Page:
unnamed “I’d always been interested in science generally, being an addict of The Curiosity Show when I was much younger. In high school (years 7-10 in Canberra), the so-called “academically gifted” were not permitted to study biology, so it wasn’t until college (years 11-12) that I discovered my passion for the biological sciences. Life took some unexpected turns, and I ended up dropping out of university and working full time to support myself, but years later, I landed a job at QIMR Berghofer Medical Research Institute (previously known simply as QIMR), and my passion for science was rekindled. I returned to university part time, worked at QIMR Berghofer, and published my first scientific papers before graduating from my BSc. Once I tasted scientific research, I never wanted to do anything else with my life. Now I’m back at QIMR Berghofer running my own lab. I swear a lot more now than I used to, but I’m not sure whether that is caused by or correlated with the increased amount of science I’m doing.

“I’ve had training in cell biology, protein biochemistry, molecular biology, genomics, and bioinformatics, and as a result I have never fit in at any scientific conference I’ve ever attended. I truly feel like I have mastered none of these fields, but it does mean that I can speak the language of the experts in each field, and bring a wide variety of research techniques to my research. I’m fascinated by complexity, the complexity of molecules, the complexity of regulation, and the complexity of transferring biological information from one set of molecules to another. And now I’m at back at QIMR Berghofer, I’m interested in how all of this complexity affects human disease. Mostly though I’m learning about the complexity of trying to run a lab, and pretending I’m a grown up.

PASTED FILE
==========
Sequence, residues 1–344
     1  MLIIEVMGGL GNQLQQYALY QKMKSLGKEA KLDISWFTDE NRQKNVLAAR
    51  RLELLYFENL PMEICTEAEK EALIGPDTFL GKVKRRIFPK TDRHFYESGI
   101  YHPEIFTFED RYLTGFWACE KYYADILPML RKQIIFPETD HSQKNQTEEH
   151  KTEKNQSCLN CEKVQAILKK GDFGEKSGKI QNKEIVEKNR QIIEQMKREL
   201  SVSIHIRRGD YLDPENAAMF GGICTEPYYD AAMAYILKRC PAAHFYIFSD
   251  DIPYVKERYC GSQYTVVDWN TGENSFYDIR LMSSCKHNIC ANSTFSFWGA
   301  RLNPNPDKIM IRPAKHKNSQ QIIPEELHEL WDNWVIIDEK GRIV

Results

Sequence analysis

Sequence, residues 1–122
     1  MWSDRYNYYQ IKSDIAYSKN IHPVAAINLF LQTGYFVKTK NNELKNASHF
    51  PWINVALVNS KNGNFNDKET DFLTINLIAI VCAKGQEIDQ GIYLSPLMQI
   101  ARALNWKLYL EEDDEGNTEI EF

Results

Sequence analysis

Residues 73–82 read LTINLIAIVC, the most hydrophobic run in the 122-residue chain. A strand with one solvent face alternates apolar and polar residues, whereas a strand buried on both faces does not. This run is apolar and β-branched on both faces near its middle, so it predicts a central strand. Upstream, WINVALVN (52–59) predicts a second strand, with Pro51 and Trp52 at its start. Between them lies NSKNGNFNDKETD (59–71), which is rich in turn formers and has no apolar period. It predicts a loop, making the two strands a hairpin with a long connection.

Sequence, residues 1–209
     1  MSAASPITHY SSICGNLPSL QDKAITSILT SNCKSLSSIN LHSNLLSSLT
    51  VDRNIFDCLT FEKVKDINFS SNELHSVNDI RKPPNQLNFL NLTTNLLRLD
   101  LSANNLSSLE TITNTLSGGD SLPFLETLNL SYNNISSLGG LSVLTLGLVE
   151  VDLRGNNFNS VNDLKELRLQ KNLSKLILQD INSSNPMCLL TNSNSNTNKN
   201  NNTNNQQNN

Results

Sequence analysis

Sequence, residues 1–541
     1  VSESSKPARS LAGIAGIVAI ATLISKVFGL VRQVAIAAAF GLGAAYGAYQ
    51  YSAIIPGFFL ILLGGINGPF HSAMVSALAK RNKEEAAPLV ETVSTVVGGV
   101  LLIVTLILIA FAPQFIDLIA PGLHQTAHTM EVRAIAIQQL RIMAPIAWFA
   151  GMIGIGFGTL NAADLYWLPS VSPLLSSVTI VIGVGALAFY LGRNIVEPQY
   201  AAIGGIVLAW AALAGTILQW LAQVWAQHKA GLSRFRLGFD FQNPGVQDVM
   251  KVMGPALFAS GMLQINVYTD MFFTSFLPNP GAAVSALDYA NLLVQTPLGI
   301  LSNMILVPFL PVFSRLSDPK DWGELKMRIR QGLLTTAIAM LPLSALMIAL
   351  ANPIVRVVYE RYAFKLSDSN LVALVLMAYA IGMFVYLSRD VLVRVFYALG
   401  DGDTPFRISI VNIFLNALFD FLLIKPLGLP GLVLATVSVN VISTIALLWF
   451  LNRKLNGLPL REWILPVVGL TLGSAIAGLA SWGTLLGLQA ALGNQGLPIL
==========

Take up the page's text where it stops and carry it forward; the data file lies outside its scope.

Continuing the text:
“I’ve been involved with some very cool research so far. We invented RNAseq, we’ve been sequencing the genomes, transcriptomes, and methylomes of tumour and normal samples from patients with pancreatic cancer, and we’ve been playing silly buggers, trying to publish the worst name for an “ome” we could think of. I’m most recently known for my work on miRNAs – little fragments of RNA that only a few years ago everyone was running off the bottom of their agarose gels to make their RNA preps look better. It turns out that these little bits of RNA garbage are actually useful to both the cell and the researcher, and can tell us an awful lot about what’s going on in a cell at the molecular level. This will help us do things like pick the best chemotherapies for cancer patients, or understand why some types of stem cells are easier to make than others.”

Nicole started a BSc at the ANU in 1994 and, as she says, “dropped out due to insufficient hours in the day to both study and work to pay bills. She was then employed at QIMR Berghofer in 1995 to sequence oligos, and then become a research assistant for the Malaria group in 1997. Nicole restarted her BSc at Griffith University in 1997 and actually finished it, going on to also finish honours in 2001 (molecular biology), and a PhD in 2006 (cell biology, protein biochemistry, and bioinformatics) from the same university. Her first and only post-doc was at the University of Queensland with Sean Grimmond from 2006 to 2012, where she successfully won a UQ Postdoctoral Fellowship, an ARC Postdoctoral Fellowship, and an ARC Future Fellowship before starting her own lab in 2013.

Please welcome Dr Nicole Cloonan (@ncloonan) to Real Scientists!